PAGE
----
qualcomm-nvidiaWhen it comes to today’s smartphones, there’s a lot of interest around what devices are getting what SoC (System on a Chip). Many expected 2012 to be the year of the quad-core smartphone, but it’s much more likely that dual-core processors will still continue to show up in flagship superphones and attract a lot of customers from the substantial mid-end market.

The five major tech companies that dominate smartphone processor sales currently are Qualcomm, NVIDIA, Texas Instruments, Samsung, and –don’t you know it- Apple. Since the latter two make processors almost exclusively for their own smartphones, and with Texas Instruments not releasing a new processor until Q4 2012, it seems likely the 2012 smartphone processors race will be won by either Qualcomm or NVIDIA, and the two companies have taken very different approaches to their technology. But who knows, right?

The NVIDIA Tegra 3 Approach

Already popular by now, the NVIDIA Tegra 3 was first released on the ASUS Transformer Prime. As many expected, benchmark results were quick to show that its quad core processing abilities provide more raw processing power than that supplied by its older, dual-core brother, the Tegra 2. Still, with this in mind, it was not the kind of performance boost many were hoping to see. However, it was foreseeable that, being based on the older Cortex-A9, the 4 cores simply were not able to provide completely mind blowing performance. Referring to the Tegra 3’s graphical performance though, it is certainly worth mentioning that NVIDIA is the number one GPU producer in the world, something that is surely proven by the improved 12 core ULP GeForce GPU. Additionally, it’s truly remarkable how power efficient the quad core Tegra 3 is. Despite all the conjecture that is thrown around on a daily basis, the Tegra 3 processor still provides excellent performance, and is a battery sipper, and not a guzzler, under most use-cases.

The video below demonstrates the multitasking capabilities of the Tegra 3 SoC on the Transformer Prime. 

The Qualcomm Snapdragon S4 Approach

Qualcomm has announced that their star for 2012 will be dubbed the Snapdragon S4 (Krait). The processor sports only a couple of cores running at 1.5GHz, so it should be slower than the Tegra 3 right? Wrong, for a bunch of reasons, including the fact that most of today’s applications are not optimized to properly run on double-core processors, let alone use the third and the fourth. Add the fact that the two cores on the S4 are based on an entirely new (and faster) architecture, one very much akin to the ARM Cortex-A15, it shouldn’t come as much of a surprise that preliminary benchmarks showed the S4 to be faster than the NVIDIA Tegra 3 when dealing with single and dual-core tasks. The Adreno 225 GPU provides less performance than the one built into the Tegra 3 SoC, but you wouldn’t expect NVIDIA to be lacking in that department, would you? Still, for most use cases, the difference between the two will be negligible, and as more apps are optimized for more cores, it’s likely that the Tegra 3 quad core SoC will be the winner down the line. Additionally, very few legitimate comparisons have been done between the two, and should be taken with little credibility. That is until S4 powered devices come to market in a short while.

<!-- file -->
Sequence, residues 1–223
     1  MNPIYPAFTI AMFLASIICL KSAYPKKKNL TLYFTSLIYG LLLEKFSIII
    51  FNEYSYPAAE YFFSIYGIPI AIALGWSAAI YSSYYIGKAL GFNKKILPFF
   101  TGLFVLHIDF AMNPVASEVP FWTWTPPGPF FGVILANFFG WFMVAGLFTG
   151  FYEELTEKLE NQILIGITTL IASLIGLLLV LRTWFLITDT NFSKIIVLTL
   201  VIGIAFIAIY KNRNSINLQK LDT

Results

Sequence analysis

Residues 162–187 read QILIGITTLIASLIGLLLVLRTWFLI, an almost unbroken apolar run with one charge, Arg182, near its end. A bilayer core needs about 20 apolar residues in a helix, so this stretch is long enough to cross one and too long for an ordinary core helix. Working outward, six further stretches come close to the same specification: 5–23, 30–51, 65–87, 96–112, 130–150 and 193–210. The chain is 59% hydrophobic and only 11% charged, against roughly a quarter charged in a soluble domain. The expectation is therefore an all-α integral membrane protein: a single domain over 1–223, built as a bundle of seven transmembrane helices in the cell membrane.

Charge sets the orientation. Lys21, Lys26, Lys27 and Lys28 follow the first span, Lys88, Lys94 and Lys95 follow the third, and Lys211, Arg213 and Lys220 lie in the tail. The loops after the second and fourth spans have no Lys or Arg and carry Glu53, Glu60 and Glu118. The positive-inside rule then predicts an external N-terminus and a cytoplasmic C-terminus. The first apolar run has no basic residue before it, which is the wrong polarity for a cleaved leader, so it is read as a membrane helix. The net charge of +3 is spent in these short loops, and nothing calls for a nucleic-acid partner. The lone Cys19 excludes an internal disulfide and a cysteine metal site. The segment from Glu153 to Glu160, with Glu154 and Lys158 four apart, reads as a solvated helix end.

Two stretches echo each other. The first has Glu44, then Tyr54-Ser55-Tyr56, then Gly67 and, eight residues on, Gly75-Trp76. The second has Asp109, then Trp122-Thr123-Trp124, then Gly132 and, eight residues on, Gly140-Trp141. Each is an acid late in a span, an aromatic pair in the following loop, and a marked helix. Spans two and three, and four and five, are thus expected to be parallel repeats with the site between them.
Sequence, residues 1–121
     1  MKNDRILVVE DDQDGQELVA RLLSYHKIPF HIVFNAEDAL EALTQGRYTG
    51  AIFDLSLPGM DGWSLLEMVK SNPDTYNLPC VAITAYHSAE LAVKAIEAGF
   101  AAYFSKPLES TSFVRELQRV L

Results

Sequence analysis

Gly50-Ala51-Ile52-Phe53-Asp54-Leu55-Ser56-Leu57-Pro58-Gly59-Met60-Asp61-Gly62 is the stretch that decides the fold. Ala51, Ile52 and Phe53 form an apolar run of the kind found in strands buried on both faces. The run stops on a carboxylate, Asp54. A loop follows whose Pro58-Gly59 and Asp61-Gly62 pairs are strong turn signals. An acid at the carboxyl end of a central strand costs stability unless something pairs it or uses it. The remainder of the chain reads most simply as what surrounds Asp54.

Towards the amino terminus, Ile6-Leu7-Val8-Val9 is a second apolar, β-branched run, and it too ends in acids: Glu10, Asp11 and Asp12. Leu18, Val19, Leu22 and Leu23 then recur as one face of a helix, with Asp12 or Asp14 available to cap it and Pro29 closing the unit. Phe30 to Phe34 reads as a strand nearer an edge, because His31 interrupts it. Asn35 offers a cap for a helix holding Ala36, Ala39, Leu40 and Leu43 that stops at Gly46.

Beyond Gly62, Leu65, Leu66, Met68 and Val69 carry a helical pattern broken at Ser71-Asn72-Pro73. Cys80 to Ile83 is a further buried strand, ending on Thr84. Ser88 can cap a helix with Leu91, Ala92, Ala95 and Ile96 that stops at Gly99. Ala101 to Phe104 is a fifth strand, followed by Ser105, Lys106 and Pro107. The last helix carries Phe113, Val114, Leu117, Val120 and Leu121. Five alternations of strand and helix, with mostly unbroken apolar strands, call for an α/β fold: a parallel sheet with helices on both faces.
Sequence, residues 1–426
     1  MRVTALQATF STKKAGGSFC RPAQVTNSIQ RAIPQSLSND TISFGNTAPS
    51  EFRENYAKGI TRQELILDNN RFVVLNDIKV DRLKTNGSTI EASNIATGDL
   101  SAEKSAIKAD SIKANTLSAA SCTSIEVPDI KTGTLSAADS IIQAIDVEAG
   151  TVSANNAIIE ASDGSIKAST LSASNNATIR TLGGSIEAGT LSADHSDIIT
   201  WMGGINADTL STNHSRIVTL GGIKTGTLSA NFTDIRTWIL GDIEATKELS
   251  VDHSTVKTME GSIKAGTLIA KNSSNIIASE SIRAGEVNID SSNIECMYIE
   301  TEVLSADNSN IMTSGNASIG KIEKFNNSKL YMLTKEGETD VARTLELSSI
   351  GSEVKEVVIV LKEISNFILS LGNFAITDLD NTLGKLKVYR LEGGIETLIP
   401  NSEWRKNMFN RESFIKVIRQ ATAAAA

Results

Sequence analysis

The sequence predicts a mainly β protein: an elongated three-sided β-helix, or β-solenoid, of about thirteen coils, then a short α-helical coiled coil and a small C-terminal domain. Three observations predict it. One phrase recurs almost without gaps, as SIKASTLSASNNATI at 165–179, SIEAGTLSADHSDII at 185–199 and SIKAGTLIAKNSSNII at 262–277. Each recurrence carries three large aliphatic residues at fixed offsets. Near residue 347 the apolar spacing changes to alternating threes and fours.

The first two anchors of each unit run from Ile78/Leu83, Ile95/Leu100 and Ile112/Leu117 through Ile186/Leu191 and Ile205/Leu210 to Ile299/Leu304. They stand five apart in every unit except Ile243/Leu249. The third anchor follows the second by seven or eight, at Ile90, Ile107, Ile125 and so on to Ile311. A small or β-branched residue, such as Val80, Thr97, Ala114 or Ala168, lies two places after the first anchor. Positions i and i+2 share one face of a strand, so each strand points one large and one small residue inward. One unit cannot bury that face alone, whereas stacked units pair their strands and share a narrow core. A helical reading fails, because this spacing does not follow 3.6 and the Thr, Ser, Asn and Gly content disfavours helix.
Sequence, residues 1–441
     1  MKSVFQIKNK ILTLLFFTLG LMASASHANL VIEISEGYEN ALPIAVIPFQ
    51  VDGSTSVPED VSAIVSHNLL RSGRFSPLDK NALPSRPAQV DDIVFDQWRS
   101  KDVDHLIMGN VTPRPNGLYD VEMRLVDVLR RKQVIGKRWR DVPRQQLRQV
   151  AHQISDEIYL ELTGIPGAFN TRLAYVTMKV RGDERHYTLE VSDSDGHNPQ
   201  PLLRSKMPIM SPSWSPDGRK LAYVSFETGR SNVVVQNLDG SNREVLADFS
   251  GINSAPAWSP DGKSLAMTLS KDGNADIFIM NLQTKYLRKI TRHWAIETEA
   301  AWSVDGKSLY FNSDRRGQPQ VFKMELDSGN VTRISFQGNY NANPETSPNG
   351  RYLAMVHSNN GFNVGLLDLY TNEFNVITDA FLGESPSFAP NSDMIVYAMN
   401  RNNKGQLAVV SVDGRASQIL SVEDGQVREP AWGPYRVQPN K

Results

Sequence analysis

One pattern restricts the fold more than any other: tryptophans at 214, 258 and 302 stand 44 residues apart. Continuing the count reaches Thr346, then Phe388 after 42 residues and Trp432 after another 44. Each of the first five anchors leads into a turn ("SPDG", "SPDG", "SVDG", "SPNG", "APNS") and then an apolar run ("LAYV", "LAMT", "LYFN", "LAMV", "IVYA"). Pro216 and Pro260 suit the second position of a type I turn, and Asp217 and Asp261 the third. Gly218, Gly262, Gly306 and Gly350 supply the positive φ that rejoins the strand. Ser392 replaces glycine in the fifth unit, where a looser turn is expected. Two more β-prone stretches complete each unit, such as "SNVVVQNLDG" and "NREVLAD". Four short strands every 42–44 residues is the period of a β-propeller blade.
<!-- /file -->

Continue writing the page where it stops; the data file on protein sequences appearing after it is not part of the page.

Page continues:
The LTE Issue

Although there will be a balance between the multi-threaded performance offered by the Tegra 3 and the single+dual-core speeds of the S4, it seems like Qualcomm’s S4 has one major advantage up its sleeve that has nothing to do with performance at all: the S4 has a built-in LTE modem, so all mobile devices that will sport the S4 will come with out-of-the box LTE compatibility, something a lot of carriers from the US (as well as those from other markets where LTE coverage continues to be introduced) really want to see. For instance, the first Tegra 3 smartphone, the HTC One X, will reach AT&T’s LTE network but with a Snapdragon S4 inside.

This is obviously a delicate situation for Nvidia, but one that is subject to change over the following months, as NVIDIA has announced a couple of partnerships with companies that can provide LTE radios. In addition, NVIDIA has recently bought UK modem producers Icera, and announced before MWC 2012 that they will start producing their own LTE modems sometime before the second half of this year.

Judging on these criterion, some tech journalists were very quick to declare 2012 as a year that will be dominated by Qualcomm. Some were even foolish enough to assume that Tegra 3 will never get LTE support. Even if that was a remote possibility – which it is not – you still have to consider that only 6% of US smartphones purchased during the last quarter were LTE compatible. Granted, the market is destined to grow substantially during 2012, but it does show that most customers aren’t always looking for blazing data speeds.

Obviously, once Nvidia sorts out its Tegra 3 LTE issues, the company will definitely become a very fierce competitor in the LTE market as well, all due to one basic concept: quad-core is probably one of the most loaded terms to have in a mobile devices marketers universe, and carriers a lot of clout. “Hey man, yo’ this phone is, like, quad core, man.” Yes, yes it is, sir.

What do you guys think? Will the S4 be a better choice than the Tegra 3? Are four cores necessary and/or useful? Tell us what you think in the comment section below!

Mike Andrici
Growing up in my father's PC store, I was surrounded by and developed a passion for technology ever since I was in kindergarten. However, advancements made in the technology world continue to amaze me on a daily basis! I've been writing about the Android OS since back in October 2008, when Google and HTC launched the first Android smartphone ever, the T-Mobile G1 / HTC Dream. Although I'm no company's fanboy, Android is the mobile OS I devoutly support.